Tool for Chronically Ill Patients to Manage Illnesses Available to License

March 2016
Topics: Healthcare IT, Mobile Technologies, Health Services Administration, Public Health, Software (General)
MITRE's Patient Toolkit mobile app enables chronically ill patients to better manage their conditions, track their symptoms and medications, and communicate information to their healthcare providers. We're now working to get it into patients' hands.
Kristina Sheridan

More than half of Americans deal with one or more chronic conditions, either as a patient or as a relative, friend, or caregiver. To help patients become effective members of their own healthcare team, MITRE is now offering our Patient Toolkit to our government sponsors and for commercial licensing. If even a fraction of patients uses the toolkit, the effect could be noticeable.

"This is a national challenge," says MITRE's Kristina Sheridan, who heads the team that developed Patient Toolkit. "We've got 117 million people with one or more chronic conditions. In addition, we have between 34 and 52 million caregivers. Four out of five healthcare dollars are spent on their behalf, which is nearly $2.1 trillion annually. Patient Toolkit has the potential to achieve substantial cost savings while improving health outcomes." Patient Toolkit is a simply designed, schedule-driven mobile application. It helps patients input and track their health data and manage their days more effectively. They can track their medications, note when they took them, and record how it impacted their symptoms.

Handy reminders prompt users to take their medications on time, which improves treatment compliance rates. Poor adherence to medication compliance causes an estimated 125,000 deaths annually, accounts for 10 percent of hospital admissions, and results in an estimated $100 billion in additional healthcare costs annually.

With Patient Toolkit, Sharing Improves Caring

Just as important, Patient Toolkit enables patients to easily share their records with their caregivers and healthcare providers, so that they can make more effective decisions as a team. Patients no longer have to rely on their memories and run the risk of forgetting to convey important information to healthcare professionals during appointments.

Because treatment plans often need to be coordinated among multiple providers, the information captured in Patient Toolkit reduces the likelihood of duplicate tests and treatments. The app also can help healthcare providers identify new conditions more quickly, and alert them to additional conditions that could hinder recovery, so they can develop more-effective treatment plans.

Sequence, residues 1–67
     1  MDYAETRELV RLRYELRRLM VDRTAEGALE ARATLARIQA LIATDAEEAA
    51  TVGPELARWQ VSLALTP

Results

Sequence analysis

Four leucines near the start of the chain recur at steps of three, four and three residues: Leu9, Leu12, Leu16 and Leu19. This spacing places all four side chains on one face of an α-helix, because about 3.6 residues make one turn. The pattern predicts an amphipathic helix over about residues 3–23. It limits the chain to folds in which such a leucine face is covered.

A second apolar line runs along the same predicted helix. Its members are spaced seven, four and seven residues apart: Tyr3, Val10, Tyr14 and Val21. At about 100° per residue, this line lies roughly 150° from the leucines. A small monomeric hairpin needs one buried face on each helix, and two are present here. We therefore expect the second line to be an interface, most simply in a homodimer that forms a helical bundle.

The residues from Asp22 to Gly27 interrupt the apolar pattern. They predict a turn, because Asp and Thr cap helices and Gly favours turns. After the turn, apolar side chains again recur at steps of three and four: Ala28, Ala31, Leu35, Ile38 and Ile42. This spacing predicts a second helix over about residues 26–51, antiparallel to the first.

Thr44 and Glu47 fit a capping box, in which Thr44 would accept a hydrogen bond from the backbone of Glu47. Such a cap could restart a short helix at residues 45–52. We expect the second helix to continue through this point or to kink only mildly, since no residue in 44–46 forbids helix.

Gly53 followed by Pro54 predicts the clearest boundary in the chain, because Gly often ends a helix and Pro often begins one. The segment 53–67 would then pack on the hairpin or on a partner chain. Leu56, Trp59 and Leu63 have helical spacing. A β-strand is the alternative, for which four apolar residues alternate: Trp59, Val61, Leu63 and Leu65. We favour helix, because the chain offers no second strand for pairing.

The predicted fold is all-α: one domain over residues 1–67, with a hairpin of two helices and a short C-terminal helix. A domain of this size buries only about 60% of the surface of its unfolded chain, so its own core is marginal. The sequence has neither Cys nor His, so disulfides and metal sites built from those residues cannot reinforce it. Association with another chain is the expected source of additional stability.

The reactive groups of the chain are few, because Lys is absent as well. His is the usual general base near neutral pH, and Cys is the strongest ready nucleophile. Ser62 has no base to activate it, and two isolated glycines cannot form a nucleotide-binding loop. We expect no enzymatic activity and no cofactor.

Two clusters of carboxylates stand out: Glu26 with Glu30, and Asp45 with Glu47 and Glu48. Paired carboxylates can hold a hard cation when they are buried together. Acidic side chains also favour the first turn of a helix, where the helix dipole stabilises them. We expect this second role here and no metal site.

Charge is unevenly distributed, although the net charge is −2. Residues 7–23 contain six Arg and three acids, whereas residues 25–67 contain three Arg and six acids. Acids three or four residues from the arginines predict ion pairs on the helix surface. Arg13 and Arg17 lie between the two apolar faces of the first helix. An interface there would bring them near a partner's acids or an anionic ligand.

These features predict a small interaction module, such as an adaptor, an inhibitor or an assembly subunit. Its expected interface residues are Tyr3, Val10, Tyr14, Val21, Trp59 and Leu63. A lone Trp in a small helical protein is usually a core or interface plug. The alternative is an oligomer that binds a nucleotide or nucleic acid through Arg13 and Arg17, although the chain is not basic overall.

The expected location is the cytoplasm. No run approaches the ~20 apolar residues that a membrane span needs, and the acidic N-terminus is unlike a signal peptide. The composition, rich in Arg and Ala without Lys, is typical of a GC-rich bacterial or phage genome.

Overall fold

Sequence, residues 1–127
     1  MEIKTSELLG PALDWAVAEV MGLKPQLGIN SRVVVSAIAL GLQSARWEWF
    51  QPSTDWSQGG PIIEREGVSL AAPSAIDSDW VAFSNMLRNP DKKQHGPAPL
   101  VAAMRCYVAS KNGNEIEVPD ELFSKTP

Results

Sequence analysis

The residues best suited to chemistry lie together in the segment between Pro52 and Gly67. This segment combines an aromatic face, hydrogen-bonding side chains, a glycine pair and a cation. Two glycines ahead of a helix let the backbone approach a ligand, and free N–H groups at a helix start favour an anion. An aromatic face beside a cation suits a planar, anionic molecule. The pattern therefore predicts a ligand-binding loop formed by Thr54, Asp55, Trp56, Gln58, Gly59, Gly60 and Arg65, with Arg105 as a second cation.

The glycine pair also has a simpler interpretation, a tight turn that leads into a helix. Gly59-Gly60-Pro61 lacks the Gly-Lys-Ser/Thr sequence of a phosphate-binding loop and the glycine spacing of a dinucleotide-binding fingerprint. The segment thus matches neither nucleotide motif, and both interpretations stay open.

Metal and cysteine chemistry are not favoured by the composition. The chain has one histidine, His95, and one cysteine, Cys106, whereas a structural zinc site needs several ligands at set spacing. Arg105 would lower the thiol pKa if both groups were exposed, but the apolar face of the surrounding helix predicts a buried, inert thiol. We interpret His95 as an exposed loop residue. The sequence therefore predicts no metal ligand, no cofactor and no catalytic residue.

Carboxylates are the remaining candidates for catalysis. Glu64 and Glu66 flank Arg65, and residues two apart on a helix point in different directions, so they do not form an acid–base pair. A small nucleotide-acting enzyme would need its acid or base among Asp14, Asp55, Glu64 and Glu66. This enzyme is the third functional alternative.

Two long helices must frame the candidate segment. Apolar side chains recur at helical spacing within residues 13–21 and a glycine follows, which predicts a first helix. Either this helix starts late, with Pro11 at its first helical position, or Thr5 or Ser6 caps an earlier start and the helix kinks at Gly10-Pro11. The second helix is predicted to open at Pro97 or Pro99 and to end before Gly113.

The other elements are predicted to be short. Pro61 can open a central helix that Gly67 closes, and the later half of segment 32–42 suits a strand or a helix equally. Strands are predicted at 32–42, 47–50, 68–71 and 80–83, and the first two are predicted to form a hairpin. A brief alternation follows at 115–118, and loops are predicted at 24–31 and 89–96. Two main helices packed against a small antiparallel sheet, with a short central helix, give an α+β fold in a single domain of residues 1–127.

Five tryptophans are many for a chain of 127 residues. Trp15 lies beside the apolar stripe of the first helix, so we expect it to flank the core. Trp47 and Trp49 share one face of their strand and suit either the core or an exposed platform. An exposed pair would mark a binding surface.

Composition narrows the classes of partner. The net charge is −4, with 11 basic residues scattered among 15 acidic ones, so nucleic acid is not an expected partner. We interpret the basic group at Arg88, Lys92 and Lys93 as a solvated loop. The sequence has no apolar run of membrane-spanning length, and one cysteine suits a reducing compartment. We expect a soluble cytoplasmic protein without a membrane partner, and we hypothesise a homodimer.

MITRE built Patient Toolkit as an iPad app, but its functions can be integrated into other mobile technologies and across existing healthcare technology. That means caregivers, in-home nurses, and doctor's offices can collect patient-generated data to achieve better patient outcomes.

A Personal Connection Yields a Patient-centered Solution

Four years ago, our health leadership team determined that a key way MITRE could transform health in the country was by empowering patients and caregivers to manage their care and the care of their loved ones. A key resulting research project was Kristina Sheridan's Patient Toolkit initiative, inspired in part by Sheridan's own experience managing her daughter's chronic Lyme disease.

Fortunately, Sheridan's daughter is now a thriving college student, but Sheridan and her team continue to push the envelope on empowerment through proof-of-concept application development and trials with real patients and care providers. The research is just one element of our support to the CMS Alliance to Modernize Healthcare (CAMH), an FFRDC operated by MITRE for the Centers for Medicare & Medicaid Services.

To assist them in developing Patient Toolkit, the MITRE team collaborated with academia. A survey of healthcare providers conducted by researchers from Carnegie Mellon's Heinz College "helped validate that the specific types of data we were tracking would be valued and wanted within the clinical sector," Sheridan says. The survey also revealed that patients weren't encouraged to collect this information, and tools were not available for them to do so. "That feedback provided us further validation that we were focusing on a gap."

A License to Heal Starts at Home

A clinical study by the University of Virginia's engineering and medical center helped the team verify the usefulness of the data being collected. The study found patients are receptive to tracking their symptom severity data between appointments, want to use mobile devices to collect the information, and can reliably collect valid data outside the clinical setting between appointments.

"We've had tremendous support for and feedback on our work," Sheridan observes. "Over the past two years, our team has spoken at more than two-dozen national conferences to get this information, vision, and concept out. We've had an immense uptick in terms of people's understanding and involvement.

"Patient Toolkit provides the 'patient voice': it's now time to get it into the hands of the American public."

As a not-for-profit operator of FFRDCs, MITRE makes its innovations broadly available by transferring them to the government, the public, and industry for further use. Making the results of MITRE’s research and development available for commercialization through licensing is a priority. When MITRE technologies are included in new products, they provide additional value to our sponsors, contribute to economic growth, and benefit the public.

MITRE has a simple licensing process to enable companies to license this technology and take it to market. For information about licensing the Patient Toolkit technology, please contact MITRE's Technology Transfer Office.

—by Jim Chido

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